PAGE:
DAILY FILM DOSE: A Daily Film Appreciation and Review Blog: TOUCH OF EVIL

Saturday, 11 October 2008


Touch of Evil (1958) dir. Orson Welles
Starring: Charlton Heston, Janet Leigh, Orson Welles, Marlene Dietrich


To commemorate the 50th Anniversary of “Touch of Evil” Universal Studios has released a new 2-Disc box set featuring three versions of the film as well as the famous 58 page memo Orson Welles wrote after viewing the studio’s cut. The film is an astonishing work of art and labelling it a mere noir film doesn’t do justice to the innovative and thoroughly unique cinematic style Welles applied to the pulpy story of police corruption on the Mexican-American border.

Charlton Heston (in perhaps his finest role) plays Mike Vargas, a Mexican cop drawn into a cross border investigation of the bombing death of an upstanding American businessman. Butting heads with Vargas is Hank Quinlan (Orson Welles) the drunken corrupt Sheriff who plants evidence and frames criminals into getting his convictions. Welles intercuts this investigation with the movement of Vargas’s American wife Susie (Janet Leigh). While Vargas is off doing his job the neglected Susie becomes brutally terrorized by local gangsters who may or may not be working with Quinlan.

Typical to his style, Orson Welles uses exclusively wide angle lenses for every shot. The lens accentuates the motion of everything from the movement of the camera to the actors and objects in the frame. Take the scene when Vargas is followed by the assassin who tries to throw acid on him. Watch the movement of the discarded pages of newspaper blown across the ground in the background before the assassin strikes - a minor piece of set dec which adds so much texture and tension to the scene. And watch the effect of his uncompromising wide angle close-ups. During the violent rape and strangulation scenes the camera is shoved right into Janet Leigh and Akim Tamiroff’s faces, the effect of which make the violence extra brutal. Brutal even by today’s dulled senses.

Important to these scenes is the pulsating rhythms of Henry Mancini’s percussion-heavy score. Welles even makes specific note of the importance of the source music in his memo. And who could forget the ironically romantic theme song played on the pianola which ends the film?

One of other innovations Welles used throughout is overlapping dialogue. With the extreme wideangle lens, traditional coverage was not necessary (everything is viewable in the frame). So Welles allowed and encouraged the actors to talk over the end of other people’s lines. The result is a heightened pace, but also much confusion. Important lines containing vital information to the story are often missed and talked over, or said under one’s breath.  And so the film demands constant attention.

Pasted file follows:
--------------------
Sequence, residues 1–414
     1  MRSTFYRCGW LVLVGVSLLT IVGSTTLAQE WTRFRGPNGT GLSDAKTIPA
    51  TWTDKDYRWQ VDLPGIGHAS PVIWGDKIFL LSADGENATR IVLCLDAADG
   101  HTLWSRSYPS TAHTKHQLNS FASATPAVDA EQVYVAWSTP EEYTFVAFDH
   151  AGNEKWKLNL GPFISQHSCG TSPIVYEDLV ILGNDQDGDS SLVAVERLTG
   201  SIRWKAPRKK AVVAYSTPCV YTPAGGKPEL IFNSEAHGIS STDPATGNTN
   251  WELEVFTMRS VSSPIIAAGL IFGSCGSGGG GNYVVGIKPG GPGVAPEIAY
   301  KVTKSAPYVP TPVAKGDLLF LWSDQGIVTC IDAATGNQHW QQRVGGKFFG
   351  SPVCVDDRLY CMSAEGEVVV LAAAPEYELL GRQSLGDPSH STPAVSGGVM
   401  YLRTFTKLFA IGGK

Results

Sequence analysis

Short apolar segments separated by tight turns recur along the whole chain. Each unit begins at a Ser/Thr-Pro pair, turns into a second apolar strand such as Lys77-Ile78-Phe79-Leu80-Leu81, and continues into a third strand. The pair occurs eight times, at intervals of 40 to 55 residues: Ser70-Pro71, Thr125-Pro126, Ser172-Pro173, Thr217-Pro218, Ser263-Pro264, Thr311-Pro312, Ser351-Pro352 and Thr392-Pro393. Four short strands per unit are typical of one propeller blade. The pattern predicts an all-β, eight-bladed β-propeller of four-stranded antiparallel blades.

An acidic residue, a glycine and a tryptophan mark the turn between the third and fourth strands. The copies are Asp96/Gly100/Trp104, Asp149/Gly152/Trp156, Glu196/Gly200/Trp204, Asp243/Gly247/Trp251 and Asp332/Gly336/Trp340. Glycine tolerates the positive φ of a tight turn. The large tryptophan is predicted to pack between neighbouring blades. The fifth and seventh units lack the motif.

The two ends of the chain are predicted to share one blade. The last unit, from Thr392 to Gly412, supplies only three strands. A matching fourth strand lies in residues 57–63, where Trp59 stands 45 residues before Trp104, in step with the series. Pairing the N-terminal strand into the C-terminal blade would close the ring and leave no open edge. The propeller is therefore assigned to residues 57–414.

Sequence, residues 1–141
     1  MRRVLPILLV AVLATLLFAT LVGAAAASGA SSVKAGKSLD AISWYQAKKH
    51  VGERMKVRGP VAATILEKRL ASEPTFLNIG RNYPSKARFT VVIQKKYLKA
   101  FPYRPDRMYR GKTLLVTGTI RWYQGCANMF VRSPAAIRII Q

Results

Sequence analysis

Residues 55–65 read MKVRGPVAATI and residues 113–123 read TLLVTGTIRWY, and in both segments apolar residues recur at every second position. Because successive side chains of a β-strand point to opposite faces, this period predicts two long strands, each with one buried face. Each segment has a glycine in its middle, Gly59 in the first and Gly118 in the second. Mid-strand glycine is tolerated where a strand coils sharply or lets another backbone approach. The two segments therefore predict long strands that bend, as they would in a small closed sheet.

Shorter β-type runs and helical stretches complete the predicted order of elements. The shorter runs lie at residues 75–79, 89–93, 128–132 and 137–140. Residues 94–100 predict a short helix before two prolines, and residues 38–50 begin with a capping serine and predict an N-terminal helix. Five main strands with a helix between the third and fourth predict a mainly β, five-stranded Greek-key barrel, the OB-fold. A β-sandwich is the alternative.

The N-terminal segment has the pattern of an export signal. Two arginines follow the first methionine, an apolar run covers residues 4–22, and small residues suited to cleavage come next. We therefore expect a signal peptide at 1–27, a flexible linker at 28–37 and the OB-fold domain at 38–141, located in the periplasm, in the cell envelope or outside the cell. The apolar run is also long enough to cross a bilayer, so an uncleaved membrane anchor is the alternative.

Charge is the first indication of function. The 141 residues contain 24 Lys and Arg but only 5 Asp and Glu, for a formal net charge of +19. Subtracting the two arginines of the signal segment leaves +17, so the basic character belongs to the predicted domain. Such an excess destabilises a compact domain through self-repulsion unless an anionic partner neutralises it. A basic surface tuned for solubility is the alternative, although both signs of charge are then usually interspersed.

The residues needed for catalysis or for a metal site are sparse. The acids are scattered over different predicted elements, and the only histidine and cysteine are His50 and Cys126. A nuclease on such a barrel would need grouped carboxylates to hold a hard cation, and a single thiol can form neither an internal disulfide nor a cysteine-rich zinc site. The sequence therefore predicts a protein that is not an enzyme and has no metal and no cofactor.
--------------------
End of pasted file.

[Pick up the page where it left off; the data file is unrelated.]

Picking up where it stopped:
Perhaps the only stain on the film is Dennis Weaver's character and performance. He plays the hapless nave who works the front desk at Susie's motel. Weaver chews his already engrossed screentime with an annoyingly twitchy stammer and dim-witted gawky droll. The idea of a slow-witted nightwatchman is fine, but as Robert Downey Jr.’s character in “Tropic Thunder” would say, Weaver goes ‘full retard’. It's a small but annoying crutch on the film.

Having watched it a number of times, and once with the subtitles on, the complex plotting still confuses me. I still haven’t figured out why the Grandis were after Susie so early in the film, nor how the opening bombing fits into the plot. Did Quinlan plan it? I'm still not sure. But "Touch of Evil" is more about flow and movement - a visual and auditory experience pulling the audience through some of the darkest moments in studio filmmaking up until then.

Part of the Welles' genius is the tone he sets at the end. During the impeccably staged climax which has Vargas following and listening to Pete Menzie’s wiretapped conversation, Quinlan seals his fate with a confession. While it solves the case for Vargas we also get to know more about Quinlan than we knew before. Despite being a liar and a murderer Welles is sympathetic to him.  We’re reminded that Quinlan was a great leader of the community before the death of his wife corrupted his ethics, a remarkable depth of character we rarely see in traditional Hollywood genre films. This is why "Touch of Evil" is so special. Enjoy.

"Touch of Evil - 50th Anniversary" is available on DVD from Universal Studios Home Entertainment

PS I haven't even mentioned the opening shot, which is still one of the greatest shots in the history of cinema. Here it is:

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